A major function of critical thinking is it gives your team the ability to solve problems. Your team is presented daily with a host of decisions and problems to solve. In this blog, we will learn some steps your team can use for problem solving. Some psychologists define a problem as a gap or barrier between where the team is and where they wish to be. In other words, a problem is the space between point A and B. Problems then essentially consist of the initial state and a goal state. All possible solution paths leading to the goal state are located in the problem space. Some researchers say that problem solving has three primary stages:
- Preparation or familiarization
- Judgment and evaluation
Your Team Must Identify Inconsistencies
Much of critical thinking is about how to connect the two points in a problem. However, sometimes critical thinkers are presented with inconsistencies or what scientists call cognitive dissonance. Cognitive dissonance can appear through a discrepancy between attitude and beliefs. Inconsistencies can also be called variances or dissimilarities. It is a natural tendency to want to eliminate inconsistencies when solving a problem. The best way your team can identify inconsistencies is by using their logic and objectivity to see variances. Identifying inconsistencies would fall under the first stage of problem solving in which the team is familiarizing themselves with the subject.
Encourage Your Team to Trust Their Instincts
“Trust your instincts” falls under the second stage of problem solving, and the team should now start to see solution paths. Instincts are defined as a natural intuitive power. Intuition or instincts are key pieces in problem solving. When coupled with trial and error, informed guesses, and brainstorming, intuition and instincts can lead to a highly creative process. Many scientific discoveries and inventions were made because the innovator followed their instincts. Think of Benjamin Franklin and Thomas Edison, for instance.
Get Your Team to Ask Why
Asking the right question is important in logical thinking. Asking why is equally important in problem solving. It is not sufficient to be simply presented with the information or data. Your team must always be willing to dig deeper and explore various possibilities. Asking why can fall under any of the three stages of problem solving.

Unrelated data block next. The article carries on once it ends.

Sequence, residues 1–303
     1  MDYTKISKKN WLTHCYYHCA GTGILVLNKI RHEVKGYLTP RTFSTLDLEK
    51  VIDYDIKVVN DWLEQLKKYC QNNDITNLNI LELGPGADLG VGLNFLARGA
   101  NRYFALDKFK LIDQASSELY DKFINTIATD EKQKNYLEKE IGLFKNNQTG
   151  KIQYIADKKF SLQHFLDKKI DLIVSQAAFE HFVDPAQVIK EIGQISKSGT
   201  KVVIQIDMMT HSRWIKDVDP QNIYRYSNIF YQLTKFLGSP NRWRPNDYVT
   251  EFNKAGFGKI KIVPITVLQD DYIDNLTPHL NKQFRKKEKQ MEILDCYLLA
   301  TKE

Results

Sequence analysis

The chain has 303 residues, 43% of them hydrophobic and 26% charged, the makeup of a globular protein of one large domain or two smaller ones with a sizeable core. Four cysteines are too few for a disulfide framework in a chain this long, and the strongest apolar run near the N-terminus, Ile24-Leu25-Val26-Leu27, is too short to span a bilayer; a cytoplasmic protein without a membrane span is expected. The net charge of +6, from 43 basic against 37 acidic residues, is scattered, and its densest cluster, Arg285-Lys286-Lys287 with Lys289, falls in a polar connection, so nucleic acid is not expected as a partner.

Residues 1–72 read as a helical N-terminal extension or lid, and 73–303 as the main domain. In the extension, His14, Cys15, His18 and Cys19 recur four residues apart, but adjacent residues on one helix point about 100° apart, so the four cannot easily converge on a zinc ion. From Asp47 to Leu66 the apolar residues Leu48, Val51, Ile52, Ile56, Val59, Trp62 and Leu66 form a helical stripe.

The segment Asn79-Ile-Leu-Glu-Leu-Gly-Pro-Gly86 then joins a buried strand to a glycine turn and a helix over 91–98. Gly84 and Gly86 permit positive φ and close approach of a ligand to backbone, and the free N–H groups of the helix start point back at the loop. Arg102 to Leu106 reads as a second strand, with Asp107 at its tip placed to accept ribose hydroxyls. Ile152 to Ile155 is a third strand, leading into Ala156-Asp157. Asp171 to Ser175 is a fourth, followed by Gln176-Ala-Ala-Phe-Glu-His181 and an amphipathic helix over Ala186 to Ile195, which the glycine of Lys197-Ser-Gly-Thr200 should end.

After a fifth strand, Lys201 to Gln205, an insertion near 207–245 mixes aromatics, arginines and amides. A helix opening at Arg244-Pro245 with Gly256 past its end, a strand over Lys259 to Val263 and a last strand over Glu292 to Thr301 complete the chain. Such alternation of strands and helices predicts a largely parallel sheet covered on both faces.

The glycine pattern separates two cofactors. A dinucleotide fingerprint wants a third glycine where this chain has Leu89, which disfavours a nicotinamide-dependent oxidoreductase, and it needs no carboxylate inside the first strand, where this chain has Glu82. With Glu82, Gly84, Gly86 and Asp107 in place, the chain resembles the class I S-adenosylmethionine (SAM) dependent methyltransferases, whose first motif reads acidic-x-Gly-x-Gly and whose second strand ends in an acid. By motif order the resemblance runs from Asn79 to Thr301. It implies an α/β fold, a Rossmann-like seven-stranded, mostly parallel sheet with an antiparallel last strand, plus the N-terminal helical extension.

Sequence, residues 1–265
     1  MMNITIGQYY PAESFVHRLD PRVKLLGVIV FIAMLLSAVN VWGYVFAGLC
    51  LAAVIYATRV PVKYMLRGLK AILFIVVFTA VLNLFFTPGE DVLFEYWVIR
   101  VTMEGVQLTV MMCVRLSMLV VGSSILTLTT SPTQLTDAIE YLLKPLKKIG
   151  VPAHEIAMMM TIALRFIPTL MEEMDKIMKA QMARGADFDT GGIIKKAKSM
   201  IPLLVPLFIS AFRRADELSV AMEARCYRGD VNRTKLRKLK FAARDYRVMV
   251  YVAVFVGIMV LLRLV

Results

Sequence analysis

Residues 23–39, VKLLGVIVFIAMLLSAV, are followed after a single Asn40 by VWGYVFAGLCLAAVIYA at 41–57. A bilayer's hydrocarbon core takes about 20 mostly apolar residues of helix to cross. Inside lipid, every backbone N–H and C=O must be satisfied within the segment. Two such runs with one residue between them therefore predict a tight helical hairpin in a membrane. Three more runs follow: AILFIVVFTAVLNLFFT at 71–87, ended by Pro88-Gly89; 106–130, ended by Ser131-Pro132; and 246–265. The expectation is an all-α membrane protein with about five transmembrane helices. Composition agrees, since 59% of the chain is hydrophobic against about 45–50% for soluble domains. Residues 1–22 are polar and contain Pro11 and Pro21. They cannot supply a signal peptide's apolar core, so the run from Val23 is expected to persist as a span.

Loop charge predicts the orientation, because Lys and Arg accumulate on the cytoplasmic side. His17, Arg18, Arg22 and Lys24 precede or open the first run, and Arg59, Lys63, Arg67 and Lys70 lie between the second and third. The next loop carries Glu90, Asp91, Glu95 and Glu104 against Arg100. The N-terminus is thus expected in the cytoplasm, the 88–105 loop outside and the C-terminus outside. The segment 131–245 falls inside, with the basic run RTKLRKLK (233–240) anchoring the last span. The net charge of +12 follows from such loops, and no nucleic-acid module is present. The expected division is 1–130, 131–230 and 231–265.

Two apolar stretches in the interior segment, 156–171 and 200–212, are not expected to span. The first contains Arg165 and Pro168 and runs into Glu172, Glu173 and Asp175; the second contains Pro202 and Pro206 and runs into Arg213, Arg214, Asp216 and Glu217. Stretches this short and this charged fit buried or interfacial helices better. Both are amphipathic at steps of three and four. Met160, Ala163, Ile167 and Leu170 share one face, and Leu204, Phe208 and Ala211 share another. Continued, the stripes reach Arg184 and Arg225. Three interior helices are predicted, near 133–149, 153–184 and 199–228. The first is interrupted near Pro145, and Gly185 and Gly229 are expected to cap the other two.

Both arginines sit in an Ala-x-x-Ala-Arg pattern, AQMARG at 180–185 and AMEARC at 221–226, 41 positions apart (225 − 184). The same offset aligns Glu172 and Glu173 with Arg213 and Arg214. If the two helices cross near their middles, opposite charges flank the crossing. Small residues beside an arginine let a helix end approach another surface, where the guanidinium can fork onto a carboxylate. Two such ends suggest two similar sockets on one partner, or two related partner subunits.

Your Team Needs to Evaluate the Solutions
Once a possible solution has been derived, your team may feel they can proceed with the solution. However, they should not overlook the all-important step of evaluating all possible solutions. Sometimes, one problem has more than one solution and taking the time to evaluate the efficacy of each alternative is a critical thinking skill. Evaluation is also called judgment, and this is the third stage of problem solving. Your team should evaluate each alternative and judge which one is the best. The following steps are an effective evaluation technique:
- Make a T-chart to weigh the pros and cons of each possible solution
- Develop criteria (or requirements) and assign weights to each criteria
- Prioritize the criteria
- Rate the proposed solutions using the criteria
To solve problems using critical thinking, your team has to resist the tendency to eliminate inconsistencies. They should also trust their instincts which together with trial and error, informed guesses, and brainstorming and intuition, can lead to a highly creative problem solving process. Another part of problem solving is asking why, which will help your team to dig deeper and explore various possibilities. Once the possible solutions have been derived, all of the solutions must be evaluated to select the most appropriate one.
TBAE has developed a outcome based problem solving team building event which focuses on discovering and developing your team’s problem solving skills. Click here to find out more about the Problem Solving Outcome Based Team Building Activity.